• Use it directly through a Control Window: again, I strongly advise using the IDLE interface

  • Write the Python program (module) using a text editor, and then execute this program through the python interpreter. Again, this can be done using IDLE; alternatively, you can use standard text editors for this task (see below)


Editing a Python program
Python source code is just plain test and should be written with a plain text editor, rather than a word processor. If you are using Windows, you can use Notepad, despite its annoying tendency to rename file extension to .txt. You may also use Word, as long as you save the file as text, with line breaks.
I would really recommend getting a good programmer’s editor. For Windows and Mac, I can recommend jEdit (http://www.jedit.org/ ): it is free (open source), runs under Windows, Mac OS X, Unix and Linux. It is easy to use, highly customizable, with many useful plugins. Another option for Mac user is TextWrangler (http://www.barebones.com/products/textwrangler/ ).
Naming a Python program
Traditionally, UNIX programs take no extension, while Windows files take a three-letter extension to indicate their type (.exe for an executable, .doc for a document –usually Word file-, .xls for a spreadsheet, …); the standard extension for Python program is py.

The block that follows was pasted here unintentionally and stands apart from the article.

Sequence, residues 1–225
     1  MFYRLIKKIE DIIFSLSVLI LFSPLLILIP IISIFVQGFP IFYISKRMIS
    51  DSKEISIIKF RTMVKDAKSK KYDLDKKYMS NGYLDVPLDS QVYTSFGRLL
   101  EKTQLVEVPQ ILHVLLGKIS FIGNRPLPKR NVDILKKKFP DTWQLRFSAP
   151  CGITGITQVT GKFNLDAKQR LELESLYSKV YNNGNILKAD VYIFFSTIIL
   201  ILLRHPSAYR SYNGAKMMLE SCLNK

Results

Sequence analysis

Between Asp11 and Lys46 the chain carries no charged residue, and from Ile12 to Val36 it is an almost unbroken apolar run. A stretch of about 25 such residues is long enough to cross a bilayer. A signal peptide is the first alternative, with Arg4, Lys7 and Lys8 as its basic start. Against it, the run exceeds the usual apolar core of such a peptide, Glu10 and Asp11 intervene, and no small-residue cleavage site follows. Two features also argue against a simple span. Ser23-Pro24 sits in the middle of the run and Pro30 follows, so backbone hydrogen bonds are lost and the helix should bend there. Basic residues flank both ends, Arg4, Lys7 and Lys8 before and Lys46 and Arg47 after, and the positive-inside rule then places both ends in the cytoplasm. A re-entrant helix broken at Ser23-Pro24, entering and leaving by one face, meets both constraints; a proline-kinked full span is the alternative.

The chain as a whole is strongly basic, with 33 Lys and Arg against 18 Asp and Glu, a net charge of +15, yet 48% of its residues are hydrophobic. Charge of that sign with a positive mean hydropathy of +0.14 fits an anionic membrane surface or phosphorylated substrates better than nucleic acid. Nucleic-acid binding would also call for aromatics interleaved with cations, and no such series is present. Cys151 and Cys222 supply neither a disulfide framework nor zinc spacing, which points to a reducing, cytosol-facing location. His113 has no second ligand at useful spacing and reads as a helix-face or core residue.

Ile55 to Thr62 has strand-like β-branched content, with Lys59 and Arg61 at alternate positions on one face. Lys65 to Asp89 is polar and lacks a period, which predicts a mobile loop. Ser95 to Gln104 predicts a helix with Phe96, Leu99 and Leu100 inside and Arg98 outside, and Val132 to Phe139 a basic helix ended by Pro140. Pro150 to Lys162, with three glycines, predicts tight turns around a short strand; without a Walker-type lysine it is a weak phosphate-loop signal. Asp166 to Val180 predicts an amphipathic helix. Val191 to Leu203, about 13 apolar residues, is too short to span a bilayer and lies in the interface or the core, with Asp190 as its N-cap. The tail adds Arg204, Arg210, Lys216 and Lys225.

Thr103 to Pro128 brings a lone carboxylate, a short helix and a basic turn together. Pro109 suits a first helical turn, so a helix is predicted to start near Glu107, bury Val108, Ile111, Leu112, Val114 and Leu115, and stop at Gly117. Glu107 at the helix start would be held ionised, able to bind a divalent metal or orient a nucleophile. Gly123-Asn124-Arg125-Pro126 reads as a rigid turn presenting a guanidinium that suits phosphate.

Obviously, the choice of the name in front of the extension is entirely yours!

Using Python in an IDE
If you are mainly using your computer in a graphical environment like Windows or X, you may not be familiar with using the command line interface, or “shell”. The “shell” is the program that gets input from you through the keyboard. The “shell prompt” or just “prompt” refers to the text that prompts you to enter a command. The standard prompt in IDLE is:
>>>
i.e. 3 chevrons.
In this primer, I will use a prompt that looks like:
>>>
I will show the text that you would type in bold and the text the computer generates in italic:
>>> print (“Hello world!”)

Hello World!



  1. Your first Python program

Traditionally, the first program anyone writes in a new language is called “Hello World!”, where you make the program prints that statement. Python allows us to do so using the print statement. The simplest form of the print statement takes a single argument and writes it to the standard output, i.e. the command window you have open. So your program consists of the single statement:

print( “Hello World!”)

You can execute this command directly in the IDLE main window, or you can incorporate it into a Python module, hello.py. The file hello.py contains:



#

print(‘Hello World!\n’)

#

The different elements of a Python script:




  • Documenting the program: any line (except the first) starting with a sharp (#) is treated as a command line and ignored. This allows you to provide comments on what your program is doing: this is extremely useful, so use it! More generally, a line in a Python script may contain some Python code, and be followed by a comment. This means that we can document the program “inline”.




  • Keywords: Instructions that Python recognizes and understands. The word print in the program above is one example. There are two types of keywords: